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 March 1, 2013  Posted by  College, Hot Deals, Money
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College tuition is outrageous and full scholarships are hard to come by. If a student isn’t the valedictorian of a huge school, or a nationally ranked high school athlete, taking out massive loans may seem like the only option available to finance the soaring costs of higher education. But there are ways to find free money for college and whittle away at the cost of tuition with smaller scholarships. Below are some ways to find free money for college and strategies for applying.

Future college grads should sign up for an account on FastWeb. This website is essentially a search engine for smaller scholarships. Sign-up is quick and easy, then the site matches scholarships to your interest/demographic. You’ll find a short summary  of the scholarship, then links to the site for the actual application. Scholarships range from $500 to $30,000. Scholarships include The Craziest Thing To Save Money ScholarshipAnti-littering Scholarship and Diverse Minds Youth Writing Challenge.

Strategy:  Because of this website, I never had to pay out of pocket for my books. When applying for scholarships, I always shot for the low-hanging fruit. Smaller scholarships are likely to have more winners and less competition. I leaned toward essay contests, but there are a number of ways to apply for scholarships including video submissions, simple applications for lottery and even social media projects.

Big companies love giving away money to charitable causes that are going to change the world. And an idealistic future college grad is great bet for a secure investment. Love shopping at a big store? Check out its website for any scholarship giveaways. I remember writing an essay about community service that won me $500 from Best Buy for two semesters. Best Buy still offers this scholarship, but its deadline for this year has already passed.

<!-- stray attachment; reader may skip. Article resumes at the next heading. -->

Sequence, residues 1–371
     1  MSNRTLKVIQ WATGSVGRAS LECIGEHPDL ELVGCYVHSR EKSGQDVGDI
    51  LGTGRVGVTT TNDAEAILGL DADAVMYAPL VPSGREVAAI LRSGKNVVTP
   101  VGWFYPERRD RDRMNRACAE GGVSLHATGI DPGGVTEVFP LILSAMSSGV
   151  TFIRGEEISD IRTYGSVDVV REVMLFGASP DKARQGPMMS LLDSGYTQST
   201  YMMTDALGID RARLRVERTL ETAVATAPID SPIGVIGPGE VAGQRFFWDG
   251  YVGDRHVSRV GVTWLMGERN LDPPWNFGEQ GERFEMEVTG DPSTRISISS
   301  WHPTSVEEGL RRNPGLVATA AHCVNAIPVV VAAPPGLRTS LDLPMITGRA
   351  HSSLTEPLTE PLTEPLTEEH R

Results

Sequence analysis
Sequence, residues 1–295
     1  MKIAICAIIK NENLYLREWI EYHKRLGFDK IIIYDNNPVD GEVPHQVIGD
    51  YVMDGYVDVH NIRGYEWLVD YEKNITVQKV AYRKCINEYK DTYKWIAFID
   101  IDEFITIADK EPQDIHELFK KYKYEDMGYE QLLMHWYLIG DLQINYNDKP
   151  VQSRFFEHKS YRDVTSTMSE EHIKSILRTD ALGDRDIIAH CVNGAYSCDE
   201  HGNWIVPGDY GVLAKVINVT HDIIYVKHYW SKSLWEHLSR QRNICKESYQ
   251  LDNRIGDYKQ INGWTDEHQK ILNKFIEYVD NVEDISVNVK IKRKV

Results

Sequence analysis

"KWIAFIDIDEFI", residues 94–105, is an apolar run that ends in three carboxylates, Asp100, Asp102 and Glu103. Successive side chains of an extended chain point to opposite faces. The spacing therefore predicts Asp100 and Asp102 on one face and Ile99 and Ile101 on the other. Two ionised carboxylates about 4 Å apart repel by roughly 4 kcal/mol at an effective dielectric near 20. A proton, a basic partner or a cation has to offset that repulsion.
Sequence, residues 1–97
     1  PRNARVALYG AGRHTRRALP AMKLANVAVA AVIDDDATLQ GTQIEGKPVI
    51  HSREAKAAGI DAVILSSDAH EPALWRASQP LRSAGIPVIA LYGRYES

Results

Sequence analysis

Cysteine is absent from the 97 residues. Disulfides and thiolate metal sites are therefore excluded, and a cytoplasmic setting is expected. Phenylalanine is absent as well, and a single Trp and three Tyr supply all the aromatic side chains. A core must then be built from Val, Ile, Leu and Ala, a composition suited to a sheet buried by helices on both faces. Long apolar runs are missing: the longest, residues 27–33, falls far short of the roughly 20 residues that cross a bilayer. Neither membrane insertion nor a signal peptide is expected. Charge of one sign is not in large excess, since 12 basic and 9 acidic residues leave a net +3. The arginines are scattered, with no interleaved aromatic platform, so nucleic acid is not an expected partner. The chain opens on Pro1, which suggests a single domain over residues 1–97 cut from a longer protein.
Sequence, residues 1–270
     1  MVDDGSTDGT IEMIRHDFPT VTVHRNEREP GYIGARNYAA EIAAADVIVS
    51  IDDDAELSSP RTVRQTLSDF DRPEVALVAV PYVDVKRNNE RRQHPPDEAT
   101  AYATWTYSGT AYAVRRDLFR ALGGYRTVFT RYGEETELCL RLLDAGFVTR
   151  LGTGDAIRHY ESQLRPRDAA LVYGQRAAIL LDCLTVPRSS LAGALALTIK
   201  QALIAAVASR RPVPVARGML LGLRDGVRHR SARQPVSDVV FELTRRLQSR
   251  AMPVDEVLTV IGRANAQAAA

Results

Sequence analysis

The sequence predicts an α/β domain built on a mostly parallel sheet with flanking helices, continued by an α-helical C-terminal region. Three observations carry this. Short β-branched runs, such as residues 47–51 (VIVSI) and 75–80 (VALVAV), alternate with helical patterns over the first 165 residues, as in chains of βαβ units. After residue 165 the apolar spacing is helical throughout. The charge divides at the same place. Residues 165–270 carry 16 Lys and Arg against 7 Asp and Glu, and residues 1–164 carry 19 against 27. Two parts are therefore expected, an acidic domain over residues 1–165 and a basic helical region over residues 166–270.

Does anyone at your family work at a big company? AT&T, Walmart and Bank of America — to name a few — offer scholarships to family members of associates.

Strategy: Find a company you like and check out its website. Scholarships and giveaways will usually be in the press release or media relations section of the company’s site. You can also use Internet searches such as “Coca-Cola + scholarship” to find free money.

Keep an eye and ear out for leadership and innovation scholarships offered by various departments at your university. I was really involved with the Undergraduate Student Congress. I received a small stipend for my service and also the opportunity to apply for numerous leadership scholarships funded by the student center. One scholarship helped finance a study-abroad trip to London.

Strategy: Whatever your major or interests at school, there is a good chance there is someone with a lot of money that also shares that interest and is willing to support you as your pursue it.

Even if you don’t qualify for financial aid, there are still many opportunities to earn (or win) a substantial amount of money for college. Remember, look and apply for scholarships you like, grab the low-hanging fruit and good luck.

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Rose Overbey

Rose Overbey worked her way up at a boutique public relations firm in Washington, D.C., from junior writer to director of business development. She's worked with national brands and on executive-level ghostwriting projects. In mid-2012, she acted on an urge to pursue a career in teaching and now teaches kindergarten at a Title 1 school in the District of Columbia. Despite the career switch, Rose still freelances regularly. Rose has also been published in The Washington Post. She loves to take advantage of all the good deals the D.C. area has to offer — and refuses to pay full price for anything.

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